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Resources for Antenna and Station Grounding

Discussion in 'Antennas, Feedlines, Towers & Rotors' started by N0TZU, Mar 22, 2021.

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  1. WA7ARK

    WA7ARK Ham Member QRZ Page

    If you have an "antenna structure" (mast, tower, grounded vertical), it is prudent to put ground rod(s) within a few feet of the "structure", in addition to placing a ground-rod just before coaxes/control cables enter the house wall ("entry panel"). At that point, to satisfy code, another #6awg bonding wire should parallel the coax(es)/control-cables between the "structure" ground rods and the "entry panel" ground rod, then onto the electric utility ground. That should provide a conductive path all the way from the "structure" to the electric utilily ground that will prevent the coax cables from opening during the event.
    AK5B and W6KCS like this.
  2. K0UO

    K0UO Platinum Subscriber Platinum Subscriber QRZ Page

  3. NM5TF

    NM5TF Ham Member QRZ Page

    Lightning is NOT your antennas' friend.....or your house electronics either....
    My house has been struck twice in the 30 years I have lived in it....1st time it
    hit a tree about 30 feet from house, went underground & entered house thru
    the power ground connection...took out telephone entry box ( blew the cover
    across the living room) a printer, wifi modem, and welded the SAT box to the DVR
    it was sitting on, etc....

    2nd time was more IMAX 2000 took a direct hit....even tho the
    antenna & mast had a ground rod right next to mast, and another ground rod
    where the coax enters the shack...the image shows the result.... imax-litning.jpg
    KX4O likes this.
  4. K1LH

    K1LH XML Subscriber QRZ Page

    The grounding system's goal is to keep the lightning on the outside of the building, protecting the human(s) on the inside and their equipment as much as possible. Wither or not your antenna gets vaporized is besides the point :) Since you'd done your grounding properly by the sounds, it likely saved your life and stopped your house catching fire.
    WA7ARK, KX4O and NM5TF like this.
  5. N1IPU

    N1IPU Premium Subscriber QRZ Page

  6. W2WDX

    W2WDX Premium Subscriber QRZ Page

    This is a methodology that applies to building construction, and not grounding for a radio station. It speaks to strike probabilities, not mitigating potentials.

    Case in point, say you have a tower 150" feet away from a building. The tower has its own ground rod and the house has it's own ground rod at the electrical panel. Now lets say there is ground strike somewhere between these two point. There is resistance between those two rods through the earth, a fairly high one is some circumstances. So you have some high voltages being introduced into the earth, maybe through a tree, and two ground rods on either side of those two big resistors. And of course, you have a coax cable from the antenna to the equipment in your home. So what do you have? A big voltage divider with the coax shield completing circuit. The two grounds now being at different potentials. The difference will travel on your coax shield, go through the radio gear and flow through the electrical panel ground. Even if you have a Polyphaser or similar device at the coax entry point you still will have a potential difference between the three ground points if they are not physically bonded. Multipoint grounding is only accomplished by having all the earthing points (rods) at the same potential by reducing resistance between them to what is practically possible, accomplished by physical bonding. An added benefit, if you you use bare solid wire or strap, is the energy involved has a larger area to dissipate into earth via the bonding length underground.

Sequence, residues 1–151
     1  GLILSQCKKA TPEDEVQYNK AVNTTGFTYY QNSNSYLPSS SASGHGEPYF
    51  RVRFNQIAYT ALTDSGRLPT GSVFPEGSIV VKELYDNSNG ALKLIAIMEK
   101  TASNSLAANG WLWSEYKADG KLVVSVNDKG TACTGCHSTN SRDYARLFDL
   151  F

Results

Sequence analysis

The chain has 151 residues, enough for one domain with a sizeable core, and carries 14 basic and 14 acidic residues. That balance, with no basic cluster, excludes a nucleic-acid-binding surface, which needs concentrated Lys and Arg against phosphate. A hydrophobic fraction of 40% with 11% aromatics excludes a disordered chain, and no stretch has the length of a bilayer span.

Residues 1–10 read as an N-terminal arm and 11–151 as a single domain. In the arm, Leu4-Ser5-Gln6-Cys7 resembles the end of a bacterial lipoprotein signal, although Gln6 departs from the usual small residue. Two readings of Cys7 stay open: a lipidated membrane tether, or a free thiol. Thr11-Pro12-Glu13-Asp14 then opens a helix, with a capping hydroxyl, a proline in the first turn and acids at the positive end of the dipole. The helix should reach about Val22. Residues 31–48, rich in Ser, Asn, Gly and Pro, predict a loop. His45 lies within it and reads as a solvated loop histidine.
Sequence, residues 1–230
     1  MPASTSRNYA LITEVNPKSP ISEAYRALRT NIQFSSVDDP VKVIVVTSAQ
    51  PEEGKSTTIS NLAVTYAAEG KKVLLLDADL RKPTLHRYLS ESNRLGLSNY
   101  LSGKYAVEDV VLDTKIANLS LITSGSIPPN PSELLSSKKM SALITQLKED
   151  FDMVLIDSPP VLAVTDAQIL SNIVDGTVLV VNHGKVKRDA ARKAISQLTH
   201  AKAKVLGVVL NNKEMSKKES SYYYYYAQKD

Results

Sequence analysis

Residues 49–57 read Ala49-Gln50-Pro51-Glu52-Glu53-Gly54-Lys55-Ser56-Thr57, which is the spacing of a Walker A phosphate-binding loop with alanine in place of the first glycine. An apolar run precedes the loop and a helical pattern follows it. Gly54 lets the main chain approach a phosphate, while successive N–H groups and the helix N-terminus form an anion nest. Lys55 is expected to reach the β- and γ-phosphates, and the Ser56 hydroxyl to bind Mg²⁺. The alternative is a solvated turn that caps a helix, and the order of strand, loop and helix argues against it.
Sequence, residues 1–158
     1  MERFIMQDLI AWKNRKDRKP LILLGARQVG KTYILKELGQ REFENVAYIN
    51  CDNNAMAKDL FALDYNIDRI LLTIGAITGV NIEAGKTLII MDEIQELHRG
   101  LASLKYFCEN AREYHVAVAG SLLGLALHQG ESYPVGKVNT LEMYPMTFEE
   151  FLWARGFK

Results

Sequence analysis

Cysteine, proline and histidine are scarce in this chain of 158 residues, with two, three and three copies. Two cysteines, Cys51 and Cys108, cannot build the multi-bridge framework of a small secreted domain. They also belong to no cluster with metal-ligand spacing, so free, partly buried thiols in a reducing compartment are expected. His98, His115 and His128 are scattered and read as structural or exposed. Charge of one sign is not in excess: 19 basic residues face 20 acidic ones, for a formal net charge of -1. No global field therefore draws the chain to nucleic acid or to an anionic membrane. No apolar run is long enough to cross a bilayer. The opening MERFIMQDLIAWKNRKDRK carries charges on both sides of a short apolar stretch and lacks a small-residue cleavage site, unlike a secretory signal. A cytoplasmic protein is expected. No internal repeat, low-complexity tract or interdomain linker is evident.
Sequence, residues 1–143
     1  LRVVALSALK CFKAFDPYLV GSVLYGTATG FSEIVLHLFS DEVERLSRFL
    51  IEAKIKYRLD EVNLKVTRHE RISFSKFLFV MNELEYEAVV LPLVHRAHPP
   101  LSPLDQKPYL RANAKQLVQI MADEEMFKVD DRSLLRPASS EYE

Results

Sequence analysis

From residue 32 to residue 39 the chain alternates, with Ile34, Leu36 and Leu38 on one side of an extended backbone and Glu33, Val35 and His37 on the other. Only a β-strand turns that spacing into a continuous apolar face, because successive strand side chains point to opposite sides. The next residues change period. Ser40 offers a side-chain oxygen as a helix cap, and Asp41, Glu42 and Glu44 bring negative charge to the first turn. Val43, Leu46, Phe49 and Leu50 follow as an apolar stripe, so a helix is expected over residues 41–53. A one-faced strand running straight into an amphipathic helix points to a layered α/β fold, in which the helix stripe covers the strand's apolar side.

Sphere Method only deals with the area where a strike probability can occur, not in dealing with potentials or mitigating any potential difference set up in an electrical/electronic infrastructure.
    Last edited: Sep 3, 2021
  7. K0UO

    K0UO Platinum Subscriber Platinum Subscriber QRZ Page

    I agree, in my case the 195 foot tower will get hit 1st, then it all relies on the single point ground concept which all points must be at the same potential. Which is not all that easy to do, it takes a lot of work and testing

    K0UO Rhombic Antenna Farm is located at the Kansas QTH with over Two miles of Wire in the Air & On the Air, “The RF Gotta-Go-Somewhere", and in the above case so does the Lightning!!!!
    Last edited: Sep 3, 2021

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